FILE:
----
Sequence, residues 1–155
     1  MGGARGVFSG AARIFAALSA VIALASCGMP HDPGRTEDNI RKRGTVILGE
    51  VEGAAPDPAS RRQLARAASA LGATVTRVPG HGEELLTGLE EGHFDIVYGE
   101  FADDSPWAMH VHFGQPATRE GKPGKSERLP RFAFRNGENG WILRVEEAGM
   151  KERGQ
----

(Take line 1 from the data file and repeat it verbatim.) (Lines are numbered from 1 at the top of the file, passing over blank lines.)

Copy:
Sequence, residues 1–155